By Verne Kopytoff, contributor
FORTUNE — Hackers infiltrate Company X’s computers and make off with thousands of customer credit card numbers. After learning of the theft, Company X apologizes and promises to beef up its security. A storm of public indignation builds and then passes until, soon after, the cycle repeats itself when hackers attack another Company Y. And so on.
Only rarely does the script deviate like it did this week when the Federal Trade Commission sued Wyndham Worldwide (WYN) for failing to do enough to protect its customer information. The complaint, filed in federal court in Arizona, alleged that Wyndham did little to upgrade security after hackers breached its computer system three times in two years.
Wyndham responded that the case was without merit.
Unlike Wyndham, most companies that fall victim to hackers never enter the F.T.C.’s crosshairs. As long as businesses have reasonable security measures, they can avoid punishment after even serious breaches.
What draws the F.T.C.’s attention is when it believes a company left the door wide open to its customer information. Such inattention violates privacy policies in which companies invariably promise that they safeguard the consumer data they collect, using standard industry practices.
“We have always said that it is not a violation to be hacked,” said Kristin Cohen, an attorney in the F.T.C.’s division of privacy and identity protection. “We can only go after companies that have misleading privacy policies — either they did something that was deceptive or unfair.”
Over the past decade, the F.T.C. has reached settlements or sued around 35 companies for misrepresenting their data security. For example, RockYou, a social game site, settled with the agency earlier this year while Twitter did so in 2010.
The number of cases pales next to the proliferation of successful hacker attacks in the United States. Last year alone, there were 419 breaches reported affecting 22.9 million people, according to the Identity Theft Resource Center, a group that tracks the problem. The number of successful attacks is almost certainly higher, however, because many companies fail to disclose when their defenses are defeated, said Rex Davis, director of operations for the center.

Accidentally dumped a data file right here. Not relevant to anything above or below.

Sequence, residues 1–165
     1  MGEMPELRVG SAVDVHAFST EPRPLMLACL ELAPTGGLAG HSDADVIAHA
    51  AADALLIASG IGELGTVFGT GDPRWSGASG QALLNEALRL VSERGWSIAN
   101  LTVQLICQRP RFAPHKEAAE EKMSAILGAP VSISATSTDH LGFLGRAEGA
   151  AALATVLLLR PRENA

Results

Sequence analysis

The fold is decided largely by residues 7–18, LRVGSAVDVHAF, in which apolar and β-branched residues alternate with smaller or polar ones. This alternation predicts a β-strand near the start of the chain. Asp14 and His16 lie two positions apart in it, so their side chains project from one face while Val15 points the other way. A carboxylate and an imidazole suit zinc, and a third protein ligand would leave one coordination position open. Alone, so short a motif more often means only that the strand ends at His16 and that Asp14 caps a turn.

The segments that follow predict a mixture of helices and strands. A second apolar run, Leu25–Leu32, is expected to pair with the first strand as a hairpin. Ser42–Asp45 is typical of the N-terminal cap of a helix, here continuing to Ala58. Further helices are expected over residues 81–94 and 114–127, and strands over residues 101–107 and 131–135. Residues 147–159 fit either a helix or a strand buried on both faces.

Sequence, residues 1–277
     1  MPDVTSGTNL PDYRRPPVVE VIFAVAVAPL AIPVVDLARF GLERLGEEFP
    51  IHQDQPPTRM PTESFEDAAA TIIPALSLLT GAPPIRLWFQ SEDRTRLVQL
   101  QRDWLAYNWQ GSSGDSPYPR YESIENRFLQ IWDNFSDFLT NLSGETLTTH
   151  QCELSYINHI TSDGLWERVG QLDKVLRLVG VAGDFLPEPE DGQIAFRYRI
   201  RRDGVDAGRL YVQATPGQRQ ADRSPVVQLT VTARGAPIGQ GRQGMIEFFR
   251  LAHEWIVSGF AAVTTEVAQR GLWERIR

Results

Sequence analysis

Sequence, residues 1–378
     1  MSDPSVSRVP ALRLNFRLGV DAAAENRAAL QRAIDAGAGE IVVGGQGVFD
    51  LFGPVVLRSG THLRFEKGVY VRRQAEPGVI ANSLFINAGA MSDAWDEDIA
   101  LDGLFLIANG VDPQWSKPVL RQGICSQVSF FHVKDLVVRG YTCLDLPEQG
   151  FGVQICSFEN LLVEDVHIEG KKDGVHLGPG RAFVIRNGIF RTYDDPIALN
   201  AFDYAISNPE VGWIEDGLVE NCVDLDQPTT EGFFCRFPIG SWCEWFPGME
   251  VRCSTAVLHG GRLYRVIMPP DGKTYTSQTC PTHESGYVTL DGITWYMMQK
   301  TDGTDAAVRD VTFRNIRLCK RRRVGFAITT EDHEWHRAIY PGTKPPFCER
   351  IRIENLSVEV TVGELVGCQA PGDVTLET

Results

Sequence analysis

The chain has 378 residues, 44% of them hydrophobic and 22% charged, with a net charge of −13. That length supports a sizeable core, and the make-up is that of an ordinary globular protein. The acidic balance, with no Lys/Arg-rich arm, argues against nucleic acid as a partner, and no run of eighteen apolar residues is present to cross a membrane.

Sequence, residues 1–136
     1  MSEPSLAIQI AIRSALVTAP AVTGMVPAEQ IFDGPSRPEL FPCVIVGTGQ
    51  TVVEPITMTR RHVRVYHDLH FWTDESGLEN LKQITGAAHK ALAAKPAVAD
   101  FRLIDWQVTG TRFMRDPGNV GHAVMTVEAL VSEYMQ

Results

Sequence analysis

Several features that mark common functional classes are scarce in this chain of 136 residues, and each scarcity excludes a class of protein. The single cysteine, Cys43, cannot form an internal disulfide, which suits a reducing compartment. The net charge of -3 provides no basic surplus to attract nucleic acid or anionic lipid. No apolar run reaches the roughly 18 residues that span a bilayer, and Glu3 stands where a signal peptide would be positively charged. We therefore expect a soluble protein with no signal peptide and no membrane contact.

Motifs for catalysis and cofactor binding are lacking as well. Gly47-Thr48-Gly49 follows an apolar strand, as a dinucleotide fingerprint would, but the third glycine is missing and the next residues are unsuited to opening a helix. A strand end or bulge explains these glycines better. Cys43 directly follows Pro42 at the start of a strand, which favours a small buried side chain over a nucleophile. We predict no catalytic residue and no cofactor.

In its complaint Tuesday, the F.T.C. said that Wyndham, which operates and franchises Days Inn, Super 8 and Ramada hotels, failed to implement basic security measures. Credit card numbers were stored in text files that hackers could easily read, for example.
The first hacker attack against Wyndham in 2008 compromised 500,000 credit card accounts, and led to hundreds of thousands of account numbers being sent to a domain registered in Russia. Two more attacks over the next two years accessed another 50,000 credit and debit card numbers.
The F.T.C. said that the hackers were able to use the information they obtained to make $10.6 million in fraudulent charges. Wyndham countered that it knows of no customers who suffered a financial loss.
The F.T.C.’s authority for most consumer data protection cases comes from the F.T.C. Act, and does not include the ability to levy financial penalties. Rather, the agency usually requires companies to upgrade their security, undergo regular security audits from a third-party and promise to make no more misrepresentations for 20 years.
To give it greater teeth, the F.T.C. recently asked Congress for legislation that would allow it to impose financial penalties in data security cases – much like the agency already does for other types of corporate misbehavior. A Senate bill was recently introduced with such a provision. In addition to the F.T.C., the various state attorneys general sometimes punish companies for insufficient security.
The F.T.C.’s oversight of data security does not include banks, which are instead regulated by the Federal Deposit Insurance Corporation, among others. Hackers frequently target banks, and last year, for instance, gained access to the computer system of Citigroup and stole information from more than 200,000 credit card holders.